Alan Dershowitz is a well-known attorney who is currently representing Trump in his Senate impeachment trial. Though he is now trying to walk back one of his arguments, he and other Trump attornies have put forward the argument that the president can do anything he wishes and cannot be held accountable for it because he’s the president and doesn’t have time to deal with doing bad things. In fact, they have an appeal of their argument waiting for a decision by the SCOTUS.
For an earlier blog, I was researching voting and voter information for Highland County and came across these graphs. It’s clear that the majority of registered voters in Highland County, OH are not members of either of the major political parties and neither party will decide the coming 2020 election. It is the independent voters who are the largest group and whichever party wins them over will win the brass ring.
The reality is, however, that in Highland County the independent vote is mostly conservative and will go for conservative candidates; as in Republicans. If Democrats hope to ever win big in counties like Highland they have to make great inroads into winning over the independent voter.
One other fact to consider. In most of our election history the independents, Democrats, and Republicans have been outnumbered by one other group, those who choose to not vote at all. America is a democracy and a basic principle of democracy is majority rules. Well, if the majority never votes we, in reality, have rule by the minority.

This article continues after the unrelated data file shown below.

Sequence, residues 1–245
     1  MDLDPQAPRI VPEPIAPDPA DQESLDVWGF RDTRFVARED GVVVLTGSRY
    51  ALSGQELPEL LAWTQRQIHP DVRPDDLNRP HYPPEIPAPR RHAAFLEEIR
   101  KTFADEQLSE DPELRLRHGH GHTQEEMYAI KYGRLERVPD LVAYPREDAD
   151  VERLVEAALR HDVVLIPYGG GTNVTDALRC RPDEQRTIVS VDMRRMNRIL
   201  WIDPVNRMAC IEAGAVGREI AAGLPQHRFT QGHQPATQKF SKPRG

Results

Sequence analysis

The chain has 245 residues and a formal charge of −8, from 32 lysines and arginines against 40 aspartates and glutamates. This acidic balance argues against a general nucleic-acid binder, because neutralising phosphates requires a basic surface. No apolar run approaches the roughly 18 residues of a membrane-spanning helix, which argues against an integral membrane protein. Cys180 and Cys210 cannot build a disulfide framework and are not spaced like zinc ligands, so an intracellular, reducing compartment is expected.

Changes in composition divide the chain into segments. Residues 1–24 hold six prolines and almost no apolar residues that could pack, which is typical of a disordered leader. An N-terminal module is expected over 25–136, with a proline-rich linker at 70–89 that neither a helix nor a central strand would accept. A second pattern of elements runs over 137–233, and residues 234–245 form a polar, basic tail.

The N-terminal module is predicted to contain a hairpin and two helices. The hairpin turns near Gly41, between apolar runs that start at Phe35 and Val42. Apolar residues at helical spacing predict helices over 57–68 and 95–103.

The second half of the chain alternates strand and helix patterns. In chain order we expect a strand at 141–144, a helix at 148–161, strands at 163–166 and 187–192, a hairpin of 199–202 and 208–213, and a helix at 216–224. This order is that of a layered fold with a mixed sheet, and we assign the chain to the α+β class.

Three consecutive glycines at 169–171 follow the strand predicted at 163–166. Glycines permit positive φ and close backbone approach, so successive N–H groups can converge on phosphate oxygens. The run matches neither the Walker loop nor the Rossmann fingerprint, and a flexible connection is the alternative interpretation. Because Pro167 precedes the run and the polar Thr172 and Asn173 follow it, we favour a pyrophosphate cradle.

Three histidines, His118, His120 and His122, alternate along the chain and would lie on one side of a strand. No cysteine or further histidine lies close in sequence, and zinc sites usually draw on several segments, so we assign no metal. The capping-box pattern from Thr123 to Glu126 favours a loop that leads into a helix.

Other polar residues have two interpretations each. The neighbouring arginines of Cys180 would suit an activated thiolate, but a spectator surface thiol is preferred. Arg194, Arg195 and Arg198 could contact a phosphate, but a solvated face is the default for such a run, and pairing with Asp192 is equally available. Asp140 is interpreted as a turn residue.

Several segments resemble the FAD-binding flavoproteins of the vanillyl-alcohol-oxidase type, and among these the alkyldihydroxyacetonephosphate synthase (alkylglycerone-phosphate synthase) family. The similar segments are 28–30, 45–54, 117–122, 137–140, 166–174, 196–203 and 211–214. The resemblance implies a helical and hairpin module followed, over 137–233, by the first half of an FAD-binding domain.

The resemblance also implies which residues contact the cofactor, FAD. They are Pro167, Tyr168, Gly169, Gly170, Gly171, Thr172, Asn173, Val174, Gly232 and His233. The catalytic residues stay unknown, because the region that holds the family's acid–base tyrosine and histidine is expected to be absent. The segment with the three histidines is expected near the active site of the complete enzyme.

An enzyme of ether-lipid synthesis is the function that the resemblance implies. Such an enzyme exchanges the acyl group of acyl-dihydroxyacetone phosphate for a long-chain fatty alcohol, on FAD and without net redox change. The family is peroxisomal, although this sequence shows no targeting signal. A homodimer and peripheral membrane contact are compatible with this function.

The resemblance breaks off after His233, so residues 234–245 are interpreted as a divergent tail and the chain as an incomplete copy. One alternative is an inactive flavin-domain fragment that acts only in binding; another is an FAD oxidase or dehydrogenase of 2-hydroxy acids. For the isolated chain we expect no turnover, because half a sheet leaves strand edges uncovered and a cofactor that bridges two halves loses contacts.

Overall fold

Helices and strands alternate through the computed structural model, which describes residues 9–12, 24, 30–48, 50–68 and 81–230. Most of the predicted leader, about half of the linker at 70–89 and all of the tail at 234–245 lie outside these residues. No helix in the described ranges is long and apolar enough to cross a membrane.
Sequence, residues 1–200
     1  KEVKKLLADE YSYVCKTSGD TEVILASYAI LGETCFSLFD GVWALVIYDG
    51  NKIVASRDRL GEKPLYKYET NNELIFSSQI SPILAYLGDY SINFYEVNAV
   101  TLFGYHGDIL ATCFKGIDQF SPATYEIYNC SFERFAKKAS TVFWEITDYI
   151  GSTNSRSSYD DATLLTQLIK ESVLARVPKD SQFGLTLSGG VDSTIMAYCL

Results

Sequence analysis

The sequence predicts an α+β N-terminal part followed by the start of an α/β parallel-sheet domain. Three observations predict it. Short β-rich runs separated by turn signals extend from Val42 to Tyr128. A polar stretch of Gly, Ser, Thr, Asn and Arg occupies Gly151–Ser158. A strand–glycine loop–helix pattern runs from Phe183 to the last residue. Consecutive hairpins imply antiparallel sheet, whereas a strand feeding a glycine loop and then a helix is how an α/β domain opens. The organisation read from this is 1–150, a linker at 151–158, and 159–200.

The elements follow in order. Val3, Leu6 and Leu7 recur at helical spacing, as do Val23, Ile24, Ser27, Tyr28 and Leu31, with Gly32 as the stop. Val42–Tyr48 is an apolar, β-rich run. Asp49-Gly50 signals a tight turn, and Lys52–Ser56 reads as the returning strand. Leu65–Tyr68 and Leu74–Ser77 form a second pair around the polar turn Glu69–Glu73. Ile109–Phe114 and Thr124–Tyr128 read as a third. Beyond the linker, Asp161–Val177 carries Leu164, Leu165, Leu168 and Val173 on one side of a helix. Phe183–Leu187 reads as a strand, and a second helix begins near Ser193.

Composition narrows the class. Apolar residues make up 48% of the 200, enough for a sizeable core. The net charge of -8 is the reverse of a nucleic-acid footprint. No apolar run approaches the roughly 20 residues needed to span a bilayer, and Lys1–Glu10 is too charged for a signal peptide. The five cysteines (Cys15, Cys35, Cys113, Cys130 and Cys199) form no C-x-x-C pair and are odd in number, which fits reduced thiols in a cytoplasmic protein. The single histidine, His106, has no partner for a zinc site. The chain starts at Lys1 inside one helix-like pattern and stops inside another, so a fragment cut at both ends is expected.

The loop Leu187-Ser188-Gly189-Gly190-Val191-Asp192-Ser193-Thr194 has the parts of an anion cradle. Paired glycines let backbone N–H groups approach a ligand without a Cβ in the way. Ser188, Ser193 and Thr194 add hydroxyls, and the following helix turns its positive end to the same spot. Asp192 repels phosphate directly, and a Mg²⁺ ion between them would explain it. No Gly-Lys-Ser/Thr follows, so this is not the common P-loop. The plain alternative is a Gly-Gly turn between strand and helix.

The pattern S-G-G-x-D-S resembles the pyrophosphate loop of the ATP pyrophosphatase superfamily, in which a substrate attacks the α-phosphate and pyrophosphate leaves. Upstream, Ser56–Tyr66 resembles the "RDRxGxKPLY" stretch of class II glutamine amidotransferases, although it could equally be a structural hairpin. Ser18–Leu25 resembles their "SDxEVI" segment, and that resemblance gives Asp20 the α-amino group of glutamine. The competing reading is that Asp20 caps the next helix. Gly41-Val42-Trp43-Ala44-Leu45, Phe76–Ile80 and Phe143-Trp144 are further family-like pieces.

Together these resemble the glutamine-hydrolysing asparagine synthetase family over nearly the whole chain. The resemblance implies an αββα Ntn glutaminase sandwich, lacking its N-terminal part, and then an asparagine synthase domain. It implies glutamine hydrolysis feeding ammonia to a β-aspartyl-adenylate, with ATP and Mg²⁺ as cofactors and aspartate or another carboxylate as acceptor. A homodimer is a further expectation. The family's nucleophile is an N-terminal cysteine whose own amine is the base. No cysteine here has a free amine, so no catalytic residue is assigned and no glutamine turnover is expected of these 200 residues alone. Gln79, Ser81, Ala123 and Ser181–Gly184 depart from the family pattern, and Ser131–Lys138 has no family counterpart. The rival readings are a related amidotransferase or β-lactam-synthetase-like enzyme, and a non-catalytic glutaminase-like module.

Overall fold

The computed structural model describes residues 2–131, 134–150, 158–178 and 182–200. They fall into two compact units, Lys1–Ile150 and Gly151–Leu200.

Check out these graphs:
Greenfield apparently has but two precincts and both vote at the same location. Like the rest of the county, the independents outnumber the party members but the Rs outnumber the Ds.
Several days ago I posted some voting deadlines on Facebook and others added to it. One of the links provided was to a site at which one could verify if they were currently registered to vote. I checked my family’s status and discovered that four of us, contrary to belief, appeared to not be registered.
This morning I called the Highland County Board of Elections and discovered that in spite of what the verification link said, we’re okay.
Everyone should know that the costs of pharmaceutical medicines in America are out of control. I’ve used this example several times and it is nothing special, just what millions of Americans experience every time they go to the drug store. A friend found himself suddenly facing a needed life-altering drug that runs him over $1,900 a month.
While I don’t know any of the manufacturer’s arguments for that drug costing so much I can easily assume, and likely be correct, that a degree of excessive profiteering is somewhere in the formula.
The population of the US Territory of Puerto Rico is 3.195 million US citizens. In 2017 the island was struck by two major hurricanes that inflicted horrible and long-lasting damage. Congress authorized $20 billion in relief aid but so far only $1.5 billion has been released; the balance being held back by Trump’s Department of Housing and Urban Development headed up by the always insensitive and incompetent, Ben Carson.